Paraselene January 15, 1911, 9:30 pm Cape Evans McMurdo Sound, illustration from Robert Falcon Scott’s Last Expedition, 1912
Dr. Edward Wilson, who was also an artist, was hired to organize and direct the scientific crew of Captain Robert Falcon Scott’s Terra Nova expedition (1910–12). In this haunting image, he interprets an optical phenomenon, called paraselene, that illuminates five sets of skis and poles staked in the ice. Casting a double halo, the moon cloaks the scene in a spiritual aura. At the time of the work’s execution, Wilson had no way of knowing his tragic fate. This drawing stands as a premonition and memorial to a legendary saga.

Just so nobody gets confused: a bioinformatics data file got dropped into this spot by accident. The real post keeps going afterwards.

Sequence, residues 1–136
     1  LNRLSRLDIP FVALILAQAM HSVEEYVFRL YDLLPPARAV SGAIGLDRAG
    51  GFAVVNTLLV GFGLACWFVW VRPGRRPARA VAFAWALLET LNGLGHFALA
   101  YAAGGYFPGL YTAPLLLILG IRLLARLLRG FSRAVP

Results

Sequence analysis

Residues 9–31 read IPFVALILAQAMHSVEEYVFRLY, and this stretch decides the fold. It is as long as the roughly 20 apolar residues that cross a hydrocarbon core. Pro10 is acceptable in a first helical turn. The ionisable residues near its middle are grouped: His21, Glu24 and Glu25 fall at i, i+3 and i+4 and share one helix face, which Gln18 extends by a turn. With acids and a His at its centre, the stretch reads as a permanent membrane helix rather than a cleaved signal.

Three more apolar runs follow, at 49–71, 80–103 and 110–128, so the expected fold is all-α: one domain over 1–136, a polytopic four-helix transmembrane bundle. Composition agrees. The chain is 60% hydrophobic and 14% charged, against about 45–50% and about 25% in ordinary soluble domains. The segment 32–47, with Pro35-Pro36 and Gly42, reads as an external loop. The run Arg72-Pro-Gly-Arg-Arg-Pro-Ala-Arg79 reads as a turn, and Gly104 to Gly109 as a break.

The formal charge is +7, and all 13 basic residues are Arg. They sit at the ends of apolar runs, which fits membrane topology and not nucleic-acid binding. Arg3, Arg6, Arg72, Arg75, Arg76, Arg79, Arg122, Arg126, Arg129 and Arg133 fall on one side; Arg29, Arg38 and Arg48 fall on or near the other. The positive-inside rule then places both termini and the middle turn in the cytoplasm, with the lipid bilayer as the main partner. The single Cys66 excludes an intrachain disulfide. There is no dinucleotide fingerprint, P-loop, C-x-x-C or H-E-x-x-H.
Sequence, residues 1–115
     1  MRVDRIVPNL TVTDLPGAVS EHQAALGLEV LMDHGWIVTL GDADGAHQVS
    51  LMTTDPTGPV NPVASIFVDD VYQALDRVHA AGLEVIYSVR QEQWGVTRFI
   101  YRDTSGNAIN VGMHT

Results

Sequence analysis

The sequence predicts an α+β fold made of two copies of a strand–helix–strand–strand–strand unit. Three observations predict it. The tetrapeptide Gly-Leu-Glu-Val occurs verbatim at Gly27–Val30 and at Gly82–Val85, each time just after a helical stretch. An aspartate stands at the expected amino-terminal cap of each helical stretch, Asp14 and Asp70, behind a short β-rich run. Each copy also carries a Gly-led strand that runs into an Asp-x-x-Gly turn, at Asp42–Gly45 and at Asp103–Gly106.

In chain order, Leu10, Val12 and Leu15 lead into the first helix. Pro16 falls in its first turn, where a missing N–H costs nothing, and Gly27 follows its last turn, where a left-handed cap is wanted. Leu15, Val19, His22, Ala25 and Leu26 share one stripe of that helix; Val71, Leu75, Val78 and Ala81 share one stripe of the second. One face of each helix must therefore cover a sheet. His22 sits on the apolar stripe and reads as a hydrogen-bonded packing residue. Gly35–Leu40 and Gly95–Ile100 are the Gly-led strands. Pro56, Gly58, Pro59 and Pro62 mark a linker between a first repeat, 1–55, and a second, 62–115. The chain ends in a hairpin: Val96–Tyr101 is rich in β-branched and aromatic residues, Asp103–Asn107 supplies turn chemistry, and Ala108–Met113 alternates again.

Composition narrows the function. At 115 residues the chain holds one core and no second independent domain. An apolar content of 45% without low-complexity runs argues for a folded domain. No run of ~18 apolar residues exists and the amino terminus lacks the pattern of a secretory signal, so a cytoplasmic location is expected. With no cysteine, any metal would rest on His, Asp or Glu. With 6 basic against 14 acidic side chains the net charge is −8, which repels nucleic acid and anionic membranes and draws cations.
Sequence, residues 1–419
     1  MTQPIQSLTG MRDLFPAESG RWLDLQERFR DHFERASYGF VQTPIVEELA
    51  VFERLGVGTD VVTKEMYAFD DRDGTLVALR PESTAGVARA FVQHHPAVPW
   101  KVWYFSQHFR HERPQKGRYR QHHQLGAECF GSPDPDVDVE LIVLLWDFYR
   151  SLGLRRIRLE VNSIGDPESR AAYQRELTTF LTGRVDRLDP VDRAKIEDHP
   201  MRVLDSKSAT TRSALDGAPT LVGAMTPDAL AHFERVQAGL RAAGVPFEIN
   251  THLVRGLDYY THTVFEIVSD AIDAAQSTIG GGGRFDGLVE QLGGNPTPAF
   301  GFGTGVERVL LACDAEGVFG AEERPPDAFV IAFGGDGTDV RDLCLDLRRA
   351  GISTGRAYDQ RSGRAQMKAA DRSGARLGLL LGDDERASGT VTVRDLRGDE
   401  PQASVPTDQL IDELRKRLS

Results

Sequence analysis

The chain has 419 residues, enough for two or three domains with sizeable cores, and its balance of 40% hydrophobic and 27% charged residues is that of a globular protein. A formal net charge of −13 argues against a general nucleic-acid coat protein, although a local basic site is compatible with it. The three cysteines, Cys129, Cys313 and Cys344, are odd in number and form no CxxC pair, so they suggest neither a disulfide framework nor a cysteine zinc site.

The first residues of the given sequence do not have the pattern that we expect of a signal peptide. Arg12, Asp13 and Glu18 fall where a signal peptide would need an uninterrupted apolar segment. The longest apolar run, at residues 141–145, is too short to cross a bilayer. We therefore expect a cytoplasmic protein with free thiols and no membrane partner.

Scott and his four comrades reached the South Pole on January 18, 1912, after man-hauling supplies on sledges for three months. Upon arrival, they discovered that the explorer Roald Amundsen had reached the pole a month earlier. On the 800-mile slog back to base camp, a four-day storm prevented the crew from reaching its final depot of food and fuel, a mere 11 miles away. On March 29, 1912, Scott and three of his crew, including Wilson, perished in their tent.